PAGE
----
“Republicans are right on bankruptcy abuse"—The Boston Globe “Republicans are putting people above politics"—The New York Times

Within each of the three experimental conditions, Democratic opposition and Republican support quotations were randomized to ensure that any effects would be attributable to inconsistency between issue attitudes and party identification and not to support versus opposition framing.


Initially, subjects were randomly assigned to one of four treatment groups or the control group. As mentioned earlier, the Republicans support and

Democrats oppose groups were consolidated. This design yielded three experimental conditions: a party cues condition, a disagreement condition, and a control condition.[1] As described previously, those assigned to the party cues condition viewed a version of the advertisement in which the party cues were embedded. Those assigned to the disagreement condition viewed the same advertisement but with the partisan cues removed. Subjects in this condition received these cues only after viewing the advertisement and reporting their support or opposition for the Bankruptcy Abuse Bill. Cues were presented in onscreen text in exactly the same format and for the same amount of time in both conditions. The control group viewed no advertisement at all.

Those assigned to the disagreement condition (in which participants received no party cues until after taking a position on the bill) were expected to experience the greatest partisan dissonance. It was expected that subjects assigned to the party cues condition (in which participants received party cues during the advertisement) might also experience dissonance but that most would avoid it by following the available cues. The control group served as a baseline—no threat—condition against which the other groups were compared.


Opinions on the Bankruptcy Abuse Bill were assessed on a seven-point scale ranging from strongly oppose (-3) to strongly support (3) with a neutral point at zero. Party identification was measured using the standard ANES (American National Election Studies) branching question yielding a seven-point scale ranging from strong Republican (-3) to strong Democrat (3). Partisan feeling thermometers allowed subjects to rate how warm or cold they felt toward the Republican Party and the Democratic Party. Smaller values correspond to colder (more negative) feelings, and larger values correspond to warmer (more positive) feelings. Feeling thermometers were rescaled to run from -50 to 50.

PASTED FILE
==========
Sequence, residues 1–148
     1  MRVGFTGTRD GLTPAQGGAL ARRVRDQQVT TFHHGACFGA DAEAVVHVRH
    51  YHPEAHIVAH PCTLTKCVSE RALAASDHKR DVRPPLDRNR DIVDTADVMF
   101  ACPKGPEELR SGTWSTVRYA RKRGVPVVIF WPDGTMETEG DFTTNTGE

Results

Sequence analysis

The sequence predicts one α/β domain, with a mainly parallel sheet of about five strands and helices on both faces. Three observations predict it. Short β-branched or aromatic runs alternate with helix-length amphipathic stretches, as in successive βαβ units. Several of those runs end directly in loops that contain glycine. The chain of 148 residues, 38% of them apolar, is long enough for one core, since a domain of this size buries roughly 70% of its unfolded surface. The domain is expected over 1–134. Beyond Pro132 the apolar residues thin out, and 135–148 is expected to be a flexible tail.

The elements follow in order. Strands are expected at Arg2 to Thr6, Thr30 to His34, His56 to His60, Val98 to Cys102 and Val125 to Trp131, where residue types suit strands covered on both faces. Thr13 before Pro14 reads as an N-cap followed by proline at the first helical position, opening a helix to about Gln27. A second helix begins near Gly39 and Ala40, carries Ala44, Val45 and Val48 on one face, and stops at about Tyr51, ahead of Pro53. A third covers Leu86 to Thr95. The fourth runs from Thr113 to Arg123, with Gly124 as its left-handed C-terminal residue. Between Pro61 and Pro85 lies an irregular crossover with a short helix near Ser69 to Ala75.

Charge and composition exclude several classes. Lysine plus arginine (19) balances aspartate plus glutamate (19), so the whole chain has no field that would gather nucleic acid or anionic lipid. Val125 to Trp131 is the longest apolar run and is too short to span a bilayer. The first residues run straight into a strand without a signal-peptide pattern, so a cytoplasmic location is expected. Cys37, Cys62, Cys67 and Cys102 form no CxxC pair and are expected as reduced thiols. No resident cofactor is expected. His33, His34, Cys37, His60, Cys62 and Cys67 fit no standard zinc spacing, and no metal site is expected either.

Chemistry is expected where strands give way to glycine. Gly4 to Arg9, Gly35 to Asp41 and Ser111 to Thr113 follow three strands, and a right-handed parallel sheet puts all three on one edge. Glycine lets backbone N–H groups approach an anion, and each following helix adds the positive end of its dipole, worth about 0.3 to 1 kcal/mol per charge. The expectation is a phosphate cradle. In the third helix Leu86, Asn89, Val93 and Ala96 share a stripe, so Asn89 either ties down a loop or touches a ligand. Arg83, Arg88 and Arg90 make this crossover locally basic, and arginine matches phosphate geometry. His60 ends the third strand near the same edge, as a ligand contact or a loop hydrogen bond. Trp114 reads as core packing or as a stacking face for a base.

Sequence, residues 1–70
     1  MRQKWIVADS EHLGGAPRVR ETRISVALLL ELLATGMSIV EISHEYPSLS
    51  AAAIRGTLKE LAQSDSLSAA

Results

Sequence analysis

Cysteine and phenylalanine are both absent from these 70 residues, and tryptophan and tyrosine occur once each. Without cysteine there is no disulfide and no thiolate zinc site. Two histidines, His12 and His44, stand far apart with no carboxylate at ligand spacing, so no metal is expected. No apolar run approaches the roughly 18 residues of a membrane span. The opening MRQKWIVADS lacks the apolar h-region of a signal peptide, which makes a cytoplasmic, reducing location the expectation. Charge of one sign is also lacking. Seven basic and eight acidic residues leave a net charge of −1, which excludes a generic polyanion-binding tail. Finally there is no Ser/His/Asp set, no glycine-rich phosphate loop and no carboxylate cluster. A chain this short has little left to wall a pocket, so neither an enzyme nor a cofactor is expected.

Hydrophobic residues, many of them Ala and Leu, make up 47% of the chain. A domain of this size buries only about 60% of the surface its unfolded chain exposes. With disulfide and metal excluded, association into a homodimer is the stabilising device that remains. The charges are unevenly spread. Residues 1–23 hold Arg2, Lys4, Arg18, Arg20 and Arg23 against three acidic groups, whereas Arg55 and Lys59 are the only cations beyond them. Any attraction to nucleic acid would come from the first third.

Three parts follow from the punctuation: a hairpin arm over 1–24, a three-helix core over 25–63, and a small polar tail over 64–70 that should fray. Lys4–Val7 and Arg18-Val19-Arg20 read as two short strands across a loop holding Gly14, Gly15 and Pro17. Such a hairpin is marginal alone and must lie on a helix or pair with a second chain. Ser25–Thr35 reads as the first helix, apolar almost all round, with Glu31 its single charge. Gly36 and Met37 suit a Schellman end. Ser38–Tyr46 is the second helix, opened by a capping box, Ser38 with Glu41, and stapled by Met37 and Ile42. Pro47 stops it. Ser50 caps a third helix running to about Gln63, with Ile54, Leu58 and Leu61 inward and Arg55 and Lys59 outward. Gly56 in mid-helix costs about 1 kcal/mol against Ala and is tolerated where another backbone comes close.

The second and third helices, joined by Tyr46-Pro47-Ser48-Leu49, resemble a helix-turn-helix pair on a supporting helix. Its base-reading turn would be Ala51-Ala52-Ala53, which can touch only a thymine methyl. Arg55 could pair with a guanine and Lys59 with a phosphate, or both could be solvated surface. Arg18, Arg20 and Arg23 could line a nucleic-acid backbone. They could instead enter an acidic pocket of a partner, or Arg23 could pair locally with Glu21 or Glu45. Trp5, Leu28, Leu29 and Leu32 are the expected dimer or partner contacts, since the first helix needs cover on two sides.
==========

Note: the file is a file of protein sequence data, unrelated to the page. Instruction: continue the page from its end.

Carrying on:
Four additional questions were posed to each subject: “Regardless of who you tend to vote for, how often do you find yourself supporting [opposing] what the Democratic [Republican] party stands for?” Subjects were asked to answer by placing themselves on a seven-point scale ranging from “never" to “always." In contrast to the bipolarity of feeling thermometers, these questions allowed subjects to express occasional support and occasional opposition for the same party.

An open-ended question was administered near the end of the study to allow subjects a chance to explain, in their own words, why they identified with a particular party. This item read, “You have already indicated that you usually think of yourself as a Republican, Democrat, Independent, or something else. In a few sentences, please explain why you consider yourself a Republican, Democrat, Independent, or something else. The study is nearly complete, so feel free to take your time." Responses to this item ranged from 1 to 327 words and were blind-coded so that there would be no way to determine which subjects had been assigned to which condition. This simple coding scheme was meant to capture lesser of two evils identity justification. Subjects who flatly stated that they identified with the lesser of two evils or that their identity was primarily based on negative attitudes toward the opposition party were coded as lesser of two evils identifiers. Also included in this group were subjects who made less overt statements yet explained their identity largely in terms of their negative attitudes toward the opposition (rather than positive attitudes toward their favored party). All other subjects were coded as “0" to create a dummy variable for lesser of two evils identity justification. Dummy variables called disagreement and party cues were created to correspond to treatment conditions. Each of these variables was coded “1" for that particular treatement condition and “0" for either of the other conditions.